ATM: How does Pj Raval’s film continue your desire to tackle the huge discrimination on the trans community and Filipino women?
Irma Shauf-Bajar is the National Chairperson for the social organization GABRIELA. GABRIELA stands for Gender Assembly Binding Women for Reforms, Integrity, Education, Leadership, and Action. Irma discusses PJ Raval’s film Call Her Ganda and its significance in today’s society.
Irma: PJ’s film is really powerful. It tackles several issues such as violence against Filipino women, trans community, the unequal relationship with the United States and the Philippines. Also, about the militarization through the visiting forces agreement. We have as known we need to build the mass movement. The mass movement continues women, church people, scientist, and all different sectors. PJ’s film tells the story between all these different issues of Jennifer’s life and murder. It brings up different conversations about the Trans community, Filipino movement, and sovereignty. It helps people who might want to join an activism organization like Gabriela. It educates the broader community about these issues. I was in New York with Gabriela New York when Jennifer Laude was murdered.
The trans murders has not gotten enough attention like Jennifer’s Laude’s story. A U.S. soldier was involved. It talked about the power dynamics and the unequal relationships of the Philippines and the U.S. These issues give life and breath to Jennifer, her life, and the movement. It was beautifully done. PJ’s film is a way to get the attention of these issues.
ATM: As a member of the LGBTQ+ community, how does it feel to be a part of a society that marginalizes you based on your desire on who you decide to like?
Irma: This has been half of my life and even as a kid. I have been a struggle even in terms of talking about your sexuality and falling in love with someone of the same sex. I have been raised Catholic all my life since 5. When thinking about the community and chosen family has been a gift in how we create our own survival. The most marginalized in the LGTBQ+ community is the trans community. Gay men have more privilege than gay women. I have seen in the last 10 years of my life that it is changing. There is still homophobia and transphobia. It is the responsibility for us, teachers, parents, and the community to continue to educate our children.
It is different in the U.S than in other parts of the world where people cannot come out. It is hard. This is one of the reasons why I had to leave Hawaii. It was hard coming out in terms of safety. Every day it is a choice to come out with people in this community. People make assumptions like, “Irma has short hair, so she must be gay.” I would pretend to be straight to stay safe. There is still a problem with trans community not getting employed and getting killed. There is a big disparity in the LGTBQ community.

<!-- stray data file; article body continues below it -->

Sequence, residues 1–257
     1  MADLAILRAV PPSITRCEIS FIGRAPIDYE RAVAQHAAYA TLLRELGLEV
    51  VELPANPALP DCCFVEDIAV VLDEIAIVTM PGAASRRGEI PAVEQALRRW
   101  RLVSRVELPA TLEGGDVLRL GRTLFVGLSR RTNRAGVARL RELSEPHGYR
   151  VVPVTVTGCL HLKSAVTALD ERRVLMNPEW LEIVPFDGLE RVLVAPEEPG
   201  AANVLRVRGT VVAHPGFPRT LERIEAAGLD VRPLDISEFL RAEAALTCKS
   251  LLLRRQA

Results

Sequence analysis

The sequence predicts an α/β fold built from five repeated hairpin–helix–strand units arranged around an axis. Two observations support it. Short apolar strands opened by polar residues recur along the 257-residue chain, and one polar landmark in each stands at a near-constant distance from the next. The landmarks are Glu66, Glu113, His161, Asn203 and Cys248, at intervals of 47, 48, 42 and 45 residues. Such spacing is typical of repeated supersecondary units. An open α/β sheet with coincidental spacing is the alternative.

White lesbians who have money have more privilege than the black queer and other folks. The class in our sector is different. In San Francisco there is a lot of white lesbians and gay men that have a lot of money and power. It is different in Oakland. It is different for black bodies and immigrant bodies. The great thing about PJ’s film is that it forces us to talk about these unequal realities of society in different places.
ATM: So, there is a silent social unequal with minorities in this community?
Irma: Trans and nonconforming people experience more violence than cis people. I am a queer woman of color who is cis, but not trans. There are some poor white men and women in this country. We have a class analysis not just on race. When people talk about violence it refers to women and men. We have to talk about the economic violence, the codifications of women’s bodies, different types of labor compared to men. It is not just a black and white issue, it is more about a class issue. A lot of people are blaming Jennifer Laude for not disclosing she was trans. This is not the point. The point is that this U.S soldier who is a white man has privileges because of the visiting forces agreement. It has all power in this relationship. Jennifer Laude is living in the place where the U.S. is unequal with. He also has male privilege and power over her. The case shows the government is siding with the Americans and visiting forces agreement and not the people in the Philippines.